Many nonprofits don’t think of fundraising as an inherently risky process. This is in large part because two different departments handle risk management and fundraising. When these two teams operate without consulting one and other, it creates the potential for risky situations. Any organization relying on donations needs to familiarize themselves with the top fundraising risks so they can develop strategies to manage them.
Falling Short of Fundraising Goals
Missing fundraising goals by a few hundred dollars does not mean the end of a nonprofit; however, missing the mark by thousands can disrupt charitable organizations. From unrealistic goals to taking long-term donors for granted, there are several reasons that fundraisers fail. When this happens, nonprofits may have to cut back on services and programs.
To prevent this problem, nonprofits need to take a good look at their fundraising organizers. If the panel is comprised of all like-minded individuals, there is likely not enough diversity. Diverse points of view can allow individuals to point out potential problems with the fundraising campaign and fine tune it to ensure success.
Confusing Compliance with Transparency
The internet has allowed donors to connect with and research nonprofits in ways they could not in decades past. However, while it is easier than ever for individuals to donate to charities, they also want to know more about who leads the nonprofit, how the nonprofit spends its donations, and how effective the nonprofit is at carrying out its mission.
Many nonprofits confuse transparency with compliance. The government requires nonprofits to disclose certain pieces of information. Transparency is a conscious decision charitable organizations make to disclose the information their donors want to know. Failing to do so can result in the loss of donors due to mistrust. If a nonprofit refuses to answer donor questions about where their donations go, the donor will assume the organization has something to hide and may rescind their offer to contribute.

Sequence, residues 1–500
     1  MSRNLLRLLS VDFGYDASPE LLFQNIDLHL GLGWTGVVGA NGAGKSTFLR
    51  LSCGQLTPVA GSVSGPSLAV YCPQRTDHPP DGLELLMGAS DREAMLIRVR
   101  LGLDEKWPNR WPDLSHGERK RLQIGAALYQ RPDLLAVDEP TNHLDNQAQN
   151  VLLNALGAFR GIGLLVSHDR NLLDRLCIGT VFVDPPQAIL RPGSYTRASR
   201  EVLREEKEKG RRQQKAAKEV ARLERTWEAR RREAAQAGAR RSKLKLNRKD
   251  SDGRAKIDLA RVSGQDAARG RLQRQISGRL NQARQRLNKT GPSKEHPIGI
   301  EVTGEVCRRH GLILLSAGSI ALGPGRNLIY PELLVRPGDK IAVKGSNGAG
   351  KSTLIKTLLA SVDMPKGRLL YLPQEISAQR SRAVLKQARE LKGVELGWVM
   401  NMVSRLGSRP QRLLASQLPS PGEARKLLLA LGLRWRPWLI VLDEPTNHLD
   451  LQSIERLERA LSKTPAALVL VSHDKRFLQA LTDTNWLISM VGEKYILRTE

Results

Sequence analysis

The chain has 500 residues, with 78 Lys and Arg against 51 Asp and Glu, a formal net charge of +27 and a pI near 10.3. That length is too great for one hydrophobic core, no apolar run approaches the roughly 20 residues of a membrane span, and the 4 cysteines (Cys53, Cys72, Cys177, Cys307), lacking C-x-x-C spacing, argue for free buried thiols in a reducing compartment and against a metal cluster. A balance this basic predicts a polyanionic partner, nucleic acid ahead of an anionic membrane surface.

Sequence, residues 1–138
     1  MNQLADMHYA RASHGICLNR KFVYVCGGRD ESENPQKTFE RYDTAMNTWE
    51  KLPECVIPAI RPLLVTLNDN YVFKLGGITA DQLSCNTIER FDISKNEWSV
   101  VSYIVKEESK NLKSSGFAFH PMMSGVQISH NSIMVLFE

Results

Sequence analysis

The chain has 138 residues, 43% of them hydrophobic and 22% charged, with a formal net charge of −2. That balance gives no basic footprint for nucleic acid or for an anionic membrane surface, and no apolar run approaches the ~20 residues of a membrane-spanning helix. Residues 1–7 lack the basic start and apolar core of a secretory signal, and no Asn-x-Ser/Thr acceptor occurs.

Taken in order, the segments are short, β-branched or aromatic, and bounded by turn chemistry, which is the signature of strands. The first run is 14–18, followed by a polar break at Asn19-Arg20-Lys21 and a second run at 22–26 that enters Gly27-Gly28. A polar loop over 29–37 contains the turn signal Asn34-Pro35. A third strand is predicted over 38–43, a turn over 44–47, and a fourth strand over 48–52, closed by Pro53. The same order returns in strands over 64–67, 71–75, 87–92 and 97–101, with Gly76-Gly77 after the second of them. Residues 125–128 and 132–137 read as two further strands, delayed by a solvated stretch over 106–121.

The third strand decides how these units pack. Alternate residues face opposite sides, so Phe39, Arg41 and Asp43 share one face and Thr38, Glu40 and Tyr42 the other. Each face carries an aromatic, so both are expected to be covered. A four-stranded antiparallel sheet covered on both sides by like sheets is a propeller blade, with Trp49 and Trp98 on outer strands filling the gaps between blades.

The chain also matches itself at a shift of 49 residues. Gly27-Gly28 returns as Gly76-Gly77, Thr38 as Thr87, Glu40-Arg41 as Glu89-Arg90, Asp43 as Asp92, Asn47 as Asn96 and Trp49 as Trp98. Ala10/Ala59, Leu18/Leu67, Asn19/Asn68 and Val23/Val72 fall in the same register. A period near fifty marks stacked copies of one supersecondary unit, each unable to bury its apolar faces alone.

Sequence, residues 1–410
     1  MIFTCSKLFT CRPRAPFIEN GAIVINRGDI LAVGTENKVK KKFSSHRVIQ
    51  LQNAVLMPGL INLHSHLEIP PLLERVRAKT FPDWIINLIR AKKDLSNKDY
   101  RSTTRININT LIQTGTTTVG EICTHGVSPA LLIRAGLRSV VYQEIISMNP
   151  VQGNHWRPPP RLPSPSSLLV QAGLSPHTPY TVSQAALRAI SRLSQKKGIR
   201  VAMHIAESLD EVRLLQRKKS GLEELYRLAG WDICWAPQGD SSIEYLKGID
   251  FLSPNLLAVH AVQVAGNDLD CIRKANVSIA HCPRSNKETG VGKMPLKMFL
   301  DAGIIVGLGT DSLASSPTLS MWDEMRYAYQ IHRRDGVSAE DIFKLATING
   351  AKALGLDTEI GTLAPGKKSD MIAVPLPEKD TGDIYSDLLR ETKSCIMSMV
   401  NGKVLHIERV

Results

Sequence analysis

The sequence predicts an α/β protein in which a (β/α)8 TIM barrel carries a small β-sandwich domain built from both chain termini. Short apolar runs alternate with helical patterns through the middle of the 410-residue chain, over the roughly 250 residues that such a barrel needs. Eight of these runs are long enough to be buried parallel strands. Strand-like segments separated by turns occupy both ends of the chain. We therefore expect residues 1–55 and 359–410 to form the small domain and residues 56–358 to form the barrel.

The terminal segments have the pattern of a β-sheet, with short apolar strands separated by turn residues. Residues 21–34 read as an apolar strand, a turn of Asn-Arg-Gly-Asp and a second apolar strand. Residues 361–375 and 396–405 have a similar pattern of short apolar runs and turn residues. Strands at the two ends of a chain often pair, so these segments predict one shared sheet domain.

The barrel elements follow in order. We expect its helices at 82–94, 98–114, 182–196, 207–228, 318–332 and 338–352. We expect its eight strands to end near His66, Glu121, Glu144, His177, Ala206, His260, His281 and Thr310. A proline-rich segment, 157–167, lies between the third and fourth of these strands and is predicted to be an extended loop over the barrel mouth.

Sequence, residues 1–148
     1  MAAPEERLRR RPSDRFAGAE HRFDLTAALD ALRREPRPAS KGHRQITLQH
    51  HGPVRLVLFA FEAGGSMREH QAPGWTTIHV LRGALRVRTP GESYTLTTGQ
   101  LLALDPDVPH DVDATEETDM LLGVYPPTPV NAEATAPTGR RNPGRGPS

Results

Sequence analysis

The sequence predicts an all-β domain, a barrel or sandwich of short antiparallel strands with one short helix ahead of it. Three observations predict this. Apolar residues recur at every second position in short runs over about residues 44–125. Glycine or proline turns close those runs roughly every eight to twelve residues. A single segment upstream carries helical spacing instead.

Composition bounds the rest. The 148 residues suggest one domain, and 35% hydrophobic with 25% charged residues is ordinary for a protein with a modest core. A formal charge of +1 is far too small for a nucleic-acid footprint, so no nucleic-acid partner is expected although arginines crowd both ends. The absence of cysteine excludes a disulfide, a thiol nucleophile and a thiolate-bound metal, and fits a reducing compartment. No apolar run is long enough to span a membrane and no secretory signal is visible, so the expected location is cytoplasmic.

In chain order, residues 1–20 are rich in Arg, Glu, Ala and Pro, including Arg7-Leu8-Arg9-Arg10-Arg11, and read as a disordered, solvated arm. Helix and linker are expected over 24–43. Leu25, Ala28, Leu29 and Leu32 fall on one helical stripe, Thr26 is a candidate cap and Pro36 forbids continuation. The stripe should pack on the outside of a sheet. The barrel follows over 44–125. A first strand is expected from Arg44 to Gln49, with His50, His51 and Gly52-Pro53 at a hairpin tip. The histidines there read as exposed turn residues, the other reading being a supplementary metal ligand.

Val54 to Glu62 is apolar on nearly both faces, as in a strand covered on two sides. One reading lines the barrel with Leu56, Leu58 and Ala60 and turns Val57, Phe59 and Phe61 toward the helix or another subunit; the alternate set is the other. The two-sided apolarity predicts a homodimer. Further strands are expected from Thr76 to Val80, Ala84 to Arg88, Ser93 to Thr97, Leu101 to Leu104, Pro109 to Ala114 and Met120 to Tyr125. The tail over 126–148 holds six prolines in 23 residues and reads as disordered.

Accidental Patron Disrespect
No nonprofit calls existing and potential donors with the intent to disrespect or irritate them, but it happens all the same. To avoid treating donors with lack of respect, nonprofits should avoid the following:
- Calling donors early in the morning or late in the evening
- Calling during dinner hours
- Calling over and over again
Disregarding Donor Requests
Ignoring a donor’s request for how to use his or her donation can have disastrous results. While a generous donation may seem like a windfall, it may come with strings attached. Donors who make significant contributions often include instructions on how they would prefer the nonprofit use their funds. If the nonprofit ignores these directives, they may lose the donor or find themselves in court.
To mitigate this risk, charitable organizations need to consider the factors before accepting donations that come with conditions.
- Are the donor’s requests reasonable and can the nonprofit accommodate them with their given resources?
- Can the nonprofit comply with the request in its entirety?
- How will the nonprofit track the use of the donation?
- How will the nonprofit keep the donor informed and show how they used the donor’s gift?
The above represent just some of the most prevalent risks nonprofits can encounter during fundraising. SteelBridge Insurance Services can help nonprofits identify any fundraising risks as well as develop solutions to mitigate them. To learn more, contact us today.